Collected thoughts and posts on in-house lawyers who are specialists

Much can be said about lawyers in companies who concentrate on an area of law. Legal specialists are the lawyer’s lawyer for the commercial lawyers who spot legal issues and handle a wide array of needs for a business unit (See my post of Nov. 13, 2006: what business generalists do and what specialty lawyers do; Nov. 20, 2006: lawyers who combine business responsibility and a specialty; and with May 21, 2006: functional generalists and legal specialists create checks and balances.).

Legal specialists play an important role in law departments (See my posts of Sept. 10, 2005 and July, 31, 2005: specialist attorneys in large law departments; June 20, 2007: specialization of in-house lawyers; Nov. 30, 2005: specialty lawyers and references cited; Nov. 15, 2005: assigning lawyers to specific areas of expertise; Dec. 17, 2006: major and minor – specialty – responsibilities of some lawyers.).

How lawyers in the department are structured to handle the flow of legal work, such as by legal specialty or by operating unit is a recurring topic for general counsel (See my posts of May 14, 2006 and references cited; May 1, 2005: should specialists handle lawsuits that arise from their work; and Aug. 5, 2005: who should manage litigation.).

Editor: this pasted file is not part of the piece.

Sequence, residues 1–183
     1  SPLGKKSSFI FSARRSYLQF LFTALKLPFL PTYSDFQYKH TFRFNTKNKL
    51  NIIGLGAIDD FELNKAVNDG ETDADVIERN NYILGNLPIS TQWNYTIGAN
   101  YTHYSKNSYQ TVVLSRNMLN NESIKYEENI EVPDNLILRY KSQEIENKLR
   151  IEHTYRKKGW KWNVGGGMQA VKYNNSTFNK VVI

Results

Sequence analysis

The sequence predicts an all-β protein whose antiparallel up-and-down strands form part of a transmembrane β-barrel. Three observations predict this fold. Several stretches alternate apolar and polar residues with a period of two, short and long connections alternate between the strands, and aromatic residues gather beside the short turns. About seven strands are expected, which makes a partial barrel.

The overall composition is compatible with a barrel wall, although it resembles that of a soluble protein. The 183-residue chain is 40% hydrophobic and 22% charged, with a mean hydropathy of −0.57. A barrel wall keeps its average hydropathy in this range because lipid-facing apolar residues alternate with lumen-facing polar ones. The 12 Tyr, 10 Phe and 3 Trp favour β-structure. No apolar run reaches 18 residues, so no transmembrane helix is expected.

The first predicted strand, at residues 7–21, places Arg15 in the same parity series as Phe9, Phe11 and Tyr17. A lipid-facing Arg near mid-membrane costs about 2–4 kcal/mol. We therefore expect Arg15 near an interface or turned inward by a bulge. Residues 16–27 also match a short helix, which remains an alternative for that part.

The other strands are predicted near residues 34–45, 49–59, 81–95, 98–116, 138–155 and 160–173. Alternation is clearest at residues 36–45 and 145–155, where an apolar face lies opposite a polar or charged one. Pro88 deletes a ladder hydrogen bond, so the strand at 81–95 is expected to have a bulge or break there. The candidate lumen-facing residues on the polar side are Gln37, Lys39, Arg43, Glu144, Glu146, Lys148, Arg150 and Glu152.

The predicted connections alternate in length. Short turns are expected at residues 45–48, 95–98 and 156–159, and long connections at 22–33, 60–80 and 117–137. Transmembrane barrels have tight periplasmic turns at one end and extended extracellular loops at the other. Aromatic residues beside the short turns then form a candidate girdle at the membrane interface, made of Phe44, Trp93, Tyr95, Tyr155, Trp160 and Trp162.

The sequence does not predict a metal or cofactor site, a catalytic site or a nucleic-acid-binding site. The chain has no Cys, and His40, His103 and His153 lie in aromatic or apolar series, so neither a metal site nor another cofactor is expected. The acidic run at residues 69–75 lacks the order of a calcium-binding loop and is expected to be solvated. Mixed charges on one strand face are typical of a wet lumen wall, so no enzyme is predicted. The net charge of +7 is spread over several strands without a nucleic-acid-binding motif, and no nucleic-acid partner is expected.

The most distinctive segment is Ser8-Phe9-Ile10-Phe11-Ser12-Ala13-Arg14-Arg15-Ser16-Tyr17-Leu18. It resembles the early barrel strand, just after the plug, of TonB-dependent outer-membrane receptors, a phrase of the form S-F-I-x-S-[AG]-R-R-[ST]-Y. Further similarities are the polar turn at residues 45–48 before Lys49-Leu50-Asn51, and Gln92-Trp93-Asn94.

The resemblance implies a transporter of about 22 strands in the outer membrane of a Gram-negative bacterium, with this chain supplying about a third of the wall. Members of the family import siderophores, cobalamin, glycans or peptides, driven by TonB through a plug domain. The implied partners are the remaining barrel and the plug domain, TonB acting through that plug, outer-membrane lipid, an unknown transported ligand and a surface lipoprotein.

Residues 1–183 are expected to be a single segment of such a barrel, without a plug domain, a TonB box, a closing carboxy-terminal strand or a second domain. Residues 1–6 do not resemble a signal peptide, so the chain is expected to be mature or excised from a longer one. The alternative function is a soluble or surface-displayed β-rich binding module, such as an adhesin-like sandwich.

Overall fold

Costs associated with specialist attorneys appear on this blog (See my posts of April 8, 2007: compensation differences; May 23, 2007: specialists can’t get bonuses based on business unit performance; March 20, 2008: correlation to importance for company; Nov. 8, 2005: paradox of specialists who use more outside counsel; and April 26, 2006: invoice approval levels should vary by specialty.).

Knowledge sharing by specialists has shown up at times (See my posts of Sept. 10, 2005: communities of interest and practice groups; and Jan. 26, 2006: specialization of in-house counsel renders much CLE too basic.).

Most of the blog posts relate to specialists and structure (See my posts of July 31, 2005: co-locating specialist lawyers with business unit lawyers; March 6, 2006: dual-track specialists; April 13, 2006: rotations of lawyers from specialist to generalist at Philips; July 30, 2005: dual reporting of specialist lawyers; March 28, 2006: specialist silos broken up at PPG; March 23, 2007: shared service specialists at Raytheon; Aug. 2, 2006: two-thirds of Qualcomm lawyers are specialists; Feb. 9, 2006: rule of thumb of one specialist for every two generalists; May 16, 2006: even split at Saint Gobain; March 2, 2008: spin-offs often need to add specialist lawyers: and Oct. 1, 2006: Sainsbury and “legal specialisms.”).

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